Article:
Campus Romance: Rizal's ladies in La Concordia (I)
© 2013 by Jensen DG. Mañebog
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IT IS AS IF ONLY when I moved to San Juan and was assigned to do a project in Paco, Manila that many places mentioned in the subject Rizal, which I’ve been teaching for many years aside from Philosophy and Social Science subjects, really make sense to me.
The reason is obvious. Rizal did not make history in the city now called after former president Manuel Quezon, if ever the national hero had even gone to that place where I used to reside. Most of Jose Rizal’s historically significant time in Luzon, he spent in Manila areas.
Almost everyday on my way to Paco, I trail the old and long Pedro Gil Road along which I get to see the historical La Concordia College. The emphasis is on the term “historical”, for indeed this institution founded in 1868 really is, as it is the alma mater of Jose’s sister Olimpia, of his youngest sister Soledad, of his “first” love, and of his so called “true” love.
Rizal was 16 years old then when one Sunday he paid visit to his maternal grandmother in Trozo, Manila and there met, among others, Segunda Katigbak, a two-year-younger-than-him student of La Concordia, with “eloquent eyes, rosy cheeks, and smile that reveals very beautiful teeth”. Rizal wasn’t sure whether or not she was a model of Colgate or Close-up but he knew very well that this Batangueña from Lipa had caused his blood pressure to rise even without eating R. Lapid’s chicharon. If Mariano, Segunda’s brother and Rizal’s classmate who was also in the house, could only read what was in the mind of Rizal in that very occasion, he would have uttered, “Ala-eh walang bastusan ng kapatid ah, sister ko ya-an eh, gusto mo bagang mabalisong?” But Mariano did not see it coming, nor did Jose and Segunda, for what happened between the two was “a love at first sight”, and they just found themselves following Ariel Rivera’s song “Getting to know each other” more intimately, as Jose’s visits to his sister Olimpia… or rather to his love interest Segunda in La Concordia College became more frequent.
How could Rizal forget that incident when he was urged by other acquaintances and conformed to make a pencil sketch of Segunda? “From time to time”, he recollected later, “she looked at me, and I blushed.” (Had anyone teased him for blushing, Rizal could have saved his face by saying, “Mag Likas Papaya na rin kasi kayo…para pumula rin ang pisngi nyo.) When Segunda one day gave him a white artificial rose she had made herself at school, he gave her in exchange that pencil sketch he had drawn of her.
But Rizal was clueless. How could he be so naïve? He should have known earlier the song “Paper Roses.” The artificial flower was perhaps Segunda’s way of sending the message that their love was hopeless from the very start, for the rumor that she had been engaged to be married to a fellow-townsman, Manuel Luz, even before she met Pepe, was all along true. Rizal’s discovery of the real score later, I suppose, was his major reason, being a man of delicadeza, why he did not propose to her, more than his being an alleged torpedo of Eraserheads.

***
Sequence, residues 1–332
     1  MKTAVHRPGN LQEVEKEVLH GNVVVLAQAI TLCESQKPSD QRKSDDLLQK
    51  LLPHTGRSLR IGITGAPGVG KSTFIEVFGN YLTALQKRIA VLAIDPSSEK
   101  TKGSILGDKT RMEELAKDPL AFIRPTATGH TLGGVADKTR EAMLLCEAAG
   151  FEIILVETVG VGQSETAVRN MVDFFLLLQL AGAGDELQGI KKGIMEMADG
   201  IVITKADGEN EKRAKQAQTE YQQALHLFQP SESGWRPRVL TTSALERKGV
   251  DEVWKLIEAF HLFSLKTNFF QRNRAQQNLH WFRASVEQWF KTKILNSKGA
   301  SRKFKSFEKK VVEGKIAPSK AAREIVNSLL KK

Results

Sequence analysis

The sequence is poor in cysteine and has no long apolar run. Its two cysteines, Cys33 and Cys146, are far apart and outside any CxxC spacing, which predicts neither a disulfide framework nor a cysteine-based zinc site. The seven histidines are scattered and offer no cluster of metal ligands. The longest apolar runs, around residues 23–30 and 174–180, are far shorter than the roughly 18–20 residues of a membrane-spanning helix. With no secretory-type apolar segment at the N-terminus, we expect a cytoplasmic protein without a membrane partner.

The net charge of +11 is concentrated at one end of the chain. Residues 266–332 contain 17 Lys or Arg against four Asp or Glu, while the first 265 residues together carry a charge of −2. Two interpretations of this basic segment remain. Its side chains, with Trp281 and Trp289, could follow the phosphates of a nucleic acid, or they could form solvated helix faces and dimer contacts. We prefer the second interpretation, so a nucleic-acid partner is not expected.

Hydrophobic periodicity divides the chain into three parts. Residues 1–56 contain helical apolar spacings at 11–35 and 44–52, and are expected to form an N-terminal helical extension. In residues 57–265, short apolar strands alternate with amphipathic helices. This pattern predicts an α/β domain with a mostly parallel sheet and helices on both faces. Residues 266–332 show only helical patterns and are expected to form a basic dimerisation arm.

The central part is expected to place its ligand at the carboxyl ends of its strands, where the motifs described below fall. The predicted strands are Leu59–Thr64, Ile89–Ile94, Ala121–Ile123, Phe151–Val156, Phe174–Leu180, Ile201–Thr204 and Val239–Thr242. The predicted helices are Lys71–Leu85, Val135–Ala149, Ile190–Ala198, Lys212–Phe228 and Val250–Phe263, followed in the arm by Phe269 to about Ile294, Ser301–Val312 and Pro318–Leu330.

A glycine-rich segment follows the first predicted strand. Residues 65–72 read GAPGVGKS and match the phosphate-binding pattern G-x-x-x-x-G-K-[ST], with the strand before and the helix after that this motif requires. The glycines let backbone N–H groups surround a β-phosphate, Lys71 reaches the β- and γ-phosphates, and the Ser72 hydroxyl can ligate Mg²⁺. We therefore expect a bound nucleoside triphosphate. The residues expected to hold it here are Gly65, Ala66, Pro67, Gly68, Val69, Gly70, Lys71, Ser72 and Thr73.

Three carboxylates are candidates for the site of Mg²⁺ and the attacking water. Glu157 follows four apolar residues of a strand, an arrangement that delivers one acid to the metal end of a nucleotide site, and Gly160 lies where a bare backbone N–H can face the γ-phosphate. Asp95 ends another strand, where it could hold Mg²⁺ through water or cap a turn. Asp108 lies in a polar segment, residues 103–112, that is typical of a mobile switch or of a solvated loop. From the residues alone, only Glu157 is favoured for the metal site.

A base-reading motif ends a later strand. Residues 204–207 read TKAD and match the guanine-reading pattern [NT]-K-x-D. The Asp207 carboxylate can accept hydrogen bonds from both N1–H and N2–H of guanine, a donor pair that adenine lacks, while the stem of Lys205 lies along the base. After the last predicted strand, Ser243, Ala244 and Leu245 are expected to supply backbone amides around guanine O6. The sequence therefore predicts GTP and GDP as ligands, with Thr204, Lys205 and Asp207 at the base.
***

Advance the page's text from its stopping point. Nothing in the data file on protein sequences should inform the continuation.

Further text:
It was also at La Concordia College where the young lovers talked to each other for the last time. It was a romantic day on December in 1877 when the confused Rizal came to see the ever-hopeful Segunda. It was mainly to say goodbye because he would spend his New Year vacation in his hometown starting the following day. She replied by saying she was also going home to Lipa one day later. She maintained silence after her short response, giving Rizal enough opportunity to say that sweetest tri-syllabic pronouncement which a lover wants to hear from a beloved. To her surprise, Rizal indeed uttered a three-syllable statement—he said, “Well, good-bye” (which is just equivalent to today’s text message “Ah ok” plus a smiley “Ü”). “Anyway—I’ll see you when you pass Calamba on your way to Lipa”, he nevertheless promised.
Rizal went home to Calamba. The following day, he woke up determined to fulfill his promise to Segunda and see her for the last time. The streamer carrying Segunda anchored in Biñan. Jose saddled his white horse to wait at the road. Segunda was in a carromata as she smiled and waved her handkerchief to him. He wanted to follow, but at the last minute he turned his horse around and rode home, and that marked the end of everything between them…
Segunda returned to Laguna and in due time married Manuel Luz. Too late a telenovela was the chinovela MeteorGardenwhich could have taught Segunda that she could marry someone else though she had been engaged to Manuel. And Rizal, on his part, should have imitated Baste (Mark Herras) of the telenovela I Love New York in stealing Natalie (Jennilyn Mercado) from her supposed groom. Indeed, if only we could re-write their story and send it to Magpakailanman of Mel Changco kapusong totoo…(to be continued) (© 2013 by Jensen DG. Mañebog)
TAGS: Jose Rizal, Leonor Rivera, Segunda Katigbak, Rizal's Girlfriend, History, Philippine Studies, Filipino Heroes